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Reading Obama: Dreams, Hope, and the American Political Tradition Hardcover – October 31, 2010

3.8 out of 5 stars 15 customer reviews

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Editorial Reviews


A National Public Radio (npr.org/blogs) Mara Liasson Best Book of the Year for 2010

"James Kloppenberg, one of America's foremost intellectual historians, persuasively argues that [there is] a broader shift in American philosophy away from appeal to general principles, valid at all times and in all places, toward a reliance on local, historically particular values and ideals. Kloppenberg's own endeavor, in surveying the work in political and legal theory that seems to have shaped President Obama's thinking, is to argue for the coherence, the Americanness, and the plausibility of Obama's approach to politics and to the Constitution."--Kwame Anthony Appiah, New York Review of Books

"One of Kloppenberg's most important claims is that Obama embodies the spirit of pragmatism--not the colloquial pragmatism that is more or less the same thing as practicality, but the philosophical pragmatism that emerged largely from William James and John Dewey and continued to flourish through the work of Richard Rorty, Hilary Putnam, and others. Kloppenberg provides an excellent summary of the pragmatic tradition--a tradition rooted in the belief that there are no eternal truths, that all ideas and convictions must meet the test of usefulness. . . Kloppenberg is best when he analyzes Obama's own writing--Dreams from My Father, The Audacity of Hope, and some of his memorable speeches. He gives an excellent analysis of Obama's views of Lincoln and of the ways in which he has come to terms with race."--Alan Brinkley, Democracy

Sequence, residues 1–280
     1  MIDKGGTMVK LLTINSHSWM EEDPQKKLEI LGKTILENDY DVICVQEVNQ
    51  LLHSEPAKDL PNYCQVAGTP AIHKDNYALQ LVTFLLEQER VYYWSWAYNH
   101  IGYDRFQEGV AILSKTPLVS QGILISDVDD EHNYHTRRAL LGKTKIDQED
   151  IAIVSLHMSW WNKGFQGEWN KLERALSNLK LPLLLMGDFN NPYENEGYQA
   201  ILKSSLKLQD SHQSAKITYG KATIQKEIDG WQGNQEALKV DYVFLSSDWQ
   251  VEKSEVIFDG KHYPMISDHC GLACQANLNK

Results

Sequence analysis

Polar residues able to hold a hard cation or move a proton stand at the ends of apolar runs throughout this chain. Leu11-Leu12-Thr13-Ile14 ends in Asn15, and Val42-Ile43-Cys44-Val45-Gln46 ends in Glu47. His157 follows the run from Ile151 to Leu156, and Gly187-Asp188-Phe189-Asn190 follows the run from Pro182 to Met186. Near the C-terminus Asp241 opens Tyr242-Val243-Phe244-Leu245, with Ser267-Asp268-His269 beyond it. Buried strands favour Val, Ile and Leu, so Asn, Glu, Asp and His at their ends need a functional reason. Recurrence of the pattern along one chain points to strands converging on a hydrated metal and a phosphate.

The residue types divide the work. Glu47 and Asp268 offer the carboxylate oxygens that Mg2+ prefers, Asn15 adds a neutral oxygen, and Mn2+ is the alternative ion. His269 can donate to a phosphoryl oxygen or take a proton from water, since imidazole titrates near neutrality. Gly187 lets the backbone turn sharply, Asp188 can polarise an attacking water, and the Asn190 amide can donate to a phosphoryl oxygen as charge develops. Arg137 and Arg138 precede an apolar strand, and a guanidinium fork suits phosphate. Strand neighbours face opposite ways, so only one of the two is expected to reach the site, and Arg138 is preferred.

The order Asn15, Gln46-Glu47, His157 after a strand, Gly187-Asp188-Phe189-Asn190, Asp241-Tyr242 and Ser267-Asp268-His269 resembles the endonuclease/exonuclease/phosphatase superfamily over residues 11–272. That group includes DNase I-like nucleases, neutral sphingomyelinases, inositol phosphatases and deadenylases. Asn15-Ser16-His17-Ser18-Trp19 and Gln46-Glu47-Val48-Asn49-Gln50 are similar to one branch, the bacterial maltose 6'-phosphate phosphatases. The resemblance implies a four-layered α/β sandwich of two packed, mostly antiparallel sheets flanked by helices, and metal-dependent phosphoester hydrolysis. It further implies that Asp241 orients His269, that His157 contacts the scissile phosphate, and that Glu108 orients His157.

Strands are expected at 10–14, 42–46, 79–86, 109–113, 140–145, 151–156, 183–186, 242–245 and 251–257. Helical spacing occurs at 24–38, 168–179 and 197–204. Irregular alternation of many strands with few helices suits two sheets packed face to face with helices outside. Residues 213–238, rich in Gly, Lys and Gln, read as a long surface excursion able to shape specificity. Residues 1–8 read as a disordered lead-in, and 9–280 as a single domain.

"This is an assessment of Obama that will make sense to those who championed his rise to the presidency but who now have reservations about the way he is executing the role. The case Kloppenberg makes is persuasive and, for anyone interested in the larger context of Obama's thinking, he demonstrates that this serious man is a rarity."--Bruce Elder, Sydney Morning Herald

"In short, Mr. Kloppenberg's brief intellectual biography of Mr. Obama provides an excellent portrait of the shining self-image of the progressive intellectual."--Peter Berkowitz, Wall Street Journal

"Reading Obama is a welcome addition, not least because it is the first book to try to tease out a coherent political philosophy from the president. Kloppenberg, a prominent intellectual historian at Harvard, does this not by analyzing Obama's pre-presidential record or his campaign rhetoric or his policies but--like a senior professor sizing up a tenure aspirant--by reviewing Obama's published dossier. The chief works, of course, are Obama's best-selling books--his semi-fictional memoir, Dreams from My Father, and his campaign trial balloon, The Audacity of Hope; but Kloppenberg also draws on a passel of other writings and, most originally, on the issues of the Harvard Law Review over which Obama presided as editor in 1990. Pragmatism is a subject close to Kloppenberg's heart, and his expertise. Among his many learned writings on the subject are the landmark Uncertain Victory: Social Democracy and Progressivism in European and American Thought, 1870-1920, which appeared in 1986, and "Pragmatism: An Old Name for Some New Ways of Thinking?," a brilliant article in the Journal of American History in 1996, many of whose ideas resurface in his new work. With his breadth of knowledge and his simplicity of prose, Kloppenberg is a fine guide to these ideas. And lest we suspect that he is merely projecting a set of ideas he esteems onto a politician he admires--Obama, after all, has described himself as "a blank screen on which people of vastly different political stripes project their own views"--Kloppenberg is careful to elucidate the reasons for the happy congruence."--David Greenberg, New Republic Online